All my life I've been a pretty active person. I had some weight concerns after we moved to New Mexico, staying all summer in a motel while our home was finished. There wasn't much to do but eat, and I gained some weight (about five or so pounds) that made me a bit plump.
The weight was gone before going off to college, only to reappear in the first few months of my dorm-life freshman year of eating cafeteria food.
When I appeared for Christmas in Las Cruces, my mother wasn't happy. I wasn't happy either, vowing to be rid of it. I did, but it was hard and took learning some better eating habits. It would've been easier if I'd realized that exercise would help, too.
In the '50s, girls' sports teams were practically unheard of, gym class was a joke and exercising wasn't really something we thought of formally doing. Seemed like if we weren't cheerleaders, the only exercise we ever got was chasing boys.
No one ever yelled, "Let's go for a jog." It was more like, "Let's go get pizza!"
Girls were expected to wear dresses and skirts to school and sneakers were not de rigueur outside a gym. Instead, we wore little flats that made blisters on our heels. In the winter we'd be walking with bare legs, freezing to death.
In 1959, when I went off to Brigham Young University, pants on women weren't allowed on campus. That changed during the '60s, as did many views on girls playing sports. Now my granddaughters have ample opportunity to play soccer or tennis, and jog or go to the gym regularly.
While living in Salt Lake City, I did learn to ski. When we moved to Connecticut, I took up tennis and did some running but left the gym to my husband. The smell of a gym was like coffee for him every morning.
People look back at the past as being wonderful. But regarding exercise opportunities for women, life is much better now.
When we moved back to Provo, a diagnosis of osteoporosis got me to the gym.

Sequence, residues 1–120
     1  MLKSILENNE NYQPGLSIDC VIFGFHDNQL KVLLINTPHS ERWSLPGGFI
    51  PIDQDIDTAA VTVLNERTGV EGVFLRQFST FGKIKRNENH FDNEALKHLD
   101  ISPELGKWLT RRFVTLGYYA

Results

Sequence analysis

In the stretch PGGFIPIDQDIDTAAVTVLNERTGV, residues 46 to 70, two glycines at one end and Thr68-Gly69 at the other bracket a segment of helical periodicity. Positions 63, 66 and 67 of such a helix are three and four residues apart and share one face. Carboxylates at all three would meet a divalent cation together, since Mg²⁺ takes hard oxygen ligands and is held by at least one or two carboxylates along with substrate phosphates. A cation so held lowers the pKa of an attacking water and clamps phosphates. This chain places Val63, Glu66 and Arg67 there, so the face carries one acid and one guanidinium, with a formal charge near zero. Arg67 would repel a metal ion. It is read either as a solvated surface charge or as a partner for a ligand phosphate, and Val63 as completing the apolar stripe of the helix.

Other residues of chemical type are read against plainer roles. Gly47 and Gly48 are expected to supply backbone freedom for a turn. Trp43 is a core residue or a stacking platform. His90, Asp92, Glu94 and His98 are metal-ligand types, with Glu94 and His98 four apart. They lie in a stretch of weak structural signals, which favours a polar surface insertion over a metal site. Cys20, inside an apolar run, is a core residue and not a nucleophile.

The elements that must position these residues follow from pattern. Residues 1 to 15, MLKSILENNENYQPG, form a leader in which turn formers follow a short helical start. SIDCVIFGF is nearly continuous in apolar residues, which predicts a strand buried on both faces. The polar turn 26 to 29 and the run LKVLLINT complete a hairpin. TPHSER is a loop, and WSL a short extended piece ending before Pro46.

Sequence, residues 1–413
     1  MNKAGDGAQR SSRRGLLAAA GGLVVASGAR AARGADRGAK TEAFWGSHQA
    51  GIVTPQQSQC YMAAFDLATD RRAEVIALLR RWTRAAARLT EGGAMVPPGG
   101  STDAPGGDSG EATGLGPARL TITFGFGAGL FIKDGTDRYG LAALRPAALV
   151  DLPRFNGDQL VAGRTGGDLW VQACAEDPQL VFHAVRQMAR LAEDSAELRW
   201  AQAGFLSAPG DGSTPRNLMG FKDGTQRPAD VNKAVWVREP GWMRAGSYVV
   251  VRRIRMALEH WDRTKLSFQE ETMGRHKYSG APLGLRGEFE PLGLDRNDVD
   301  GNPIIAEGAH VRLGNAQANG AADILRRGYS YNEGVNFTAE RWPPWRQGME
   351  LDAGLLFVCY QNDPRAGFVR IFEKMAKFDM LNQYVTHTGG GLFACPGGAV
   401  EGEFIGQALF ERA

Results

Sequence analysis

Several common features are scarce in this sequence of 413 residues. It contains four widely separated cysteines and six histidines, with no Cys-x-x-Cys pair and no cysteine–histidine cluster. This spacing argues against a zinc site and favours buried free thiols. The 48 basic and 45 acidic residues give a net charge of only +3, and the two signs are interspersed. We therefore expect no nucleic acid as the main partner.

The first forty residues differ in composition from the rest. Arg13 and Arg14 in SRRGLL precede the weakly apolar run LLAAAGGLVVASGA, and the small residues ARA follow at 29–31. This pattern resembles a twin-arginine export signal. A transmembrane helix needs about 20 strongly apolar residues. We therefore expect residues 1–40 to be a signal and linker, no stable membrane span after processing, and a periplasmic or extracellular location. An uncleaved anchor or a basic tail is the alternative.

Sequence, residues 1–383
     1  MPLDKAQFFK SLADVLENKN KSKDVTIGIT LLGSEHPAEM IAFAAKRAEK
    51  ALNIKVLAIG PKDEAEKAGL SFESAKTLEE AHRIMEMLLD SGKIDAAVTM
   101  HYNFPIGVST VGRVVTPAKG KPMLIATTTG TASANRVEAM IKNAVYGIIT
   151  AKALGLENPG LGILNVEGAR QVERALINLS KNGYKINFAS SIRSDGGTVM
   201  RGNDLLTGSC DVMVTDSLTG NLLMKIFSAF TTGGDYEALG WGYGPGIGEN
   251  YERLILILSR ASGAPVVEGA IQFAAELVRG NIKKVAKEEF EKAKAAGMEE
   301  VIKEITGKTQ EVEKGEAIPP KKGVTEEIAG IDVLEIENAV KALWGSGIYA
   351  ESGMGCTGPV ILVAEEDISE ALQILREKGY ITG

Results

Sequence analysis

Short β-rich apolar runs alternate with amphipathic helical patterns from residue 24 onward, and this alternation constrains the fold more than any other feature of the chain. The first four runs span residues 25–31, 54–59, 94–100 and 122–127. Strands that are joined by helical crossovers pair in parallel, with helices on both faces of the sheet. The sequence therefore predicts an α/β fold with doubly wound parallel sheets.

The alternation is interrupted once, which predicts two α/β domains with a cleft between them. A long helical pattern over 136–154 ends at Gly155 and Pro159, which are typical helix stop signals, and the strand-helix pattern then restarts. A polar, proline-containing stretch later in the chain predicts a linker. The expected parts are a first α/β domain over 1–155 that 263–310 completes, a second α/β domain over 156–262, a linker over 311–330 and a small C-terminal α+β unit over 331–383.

I both hate it and I love it. Through trial and error I did find, like Marsha Doble the fitness expert advised, "I have to exercise early in the morning before my brain figures out what I'm doing."
If I don't get up, eat a banana then walk out the door, my day will take over and good intentions will go by the wayside. Every morning it's hard leaving my warm bed, but after working out I can feel those endorphins rushing to my brain.
There are some anonymous funny jokes about not exercising like, "I don't exercise at all. If God meant for us to touch our toes he would have put them further up on our body."
Though I can laugh at these jokes, the only one I truly agree with is, "The advantage of exercising every day is that you die healthier."
When we get together with friends anymore, the talk goes to the aches, creaks and operations we have experienced. Face it, if one makes it to 70, we're looking down a barrel of a gun. Our bodies won't get any younger even with intervention. So why not be as fit as possible for the shape we're in?
How I wish I'd known how rewarding and fun exercising could be all those years ago. And boy, a good pair of sneakers to walk the college campus instead of those silly little flats would've been swell.
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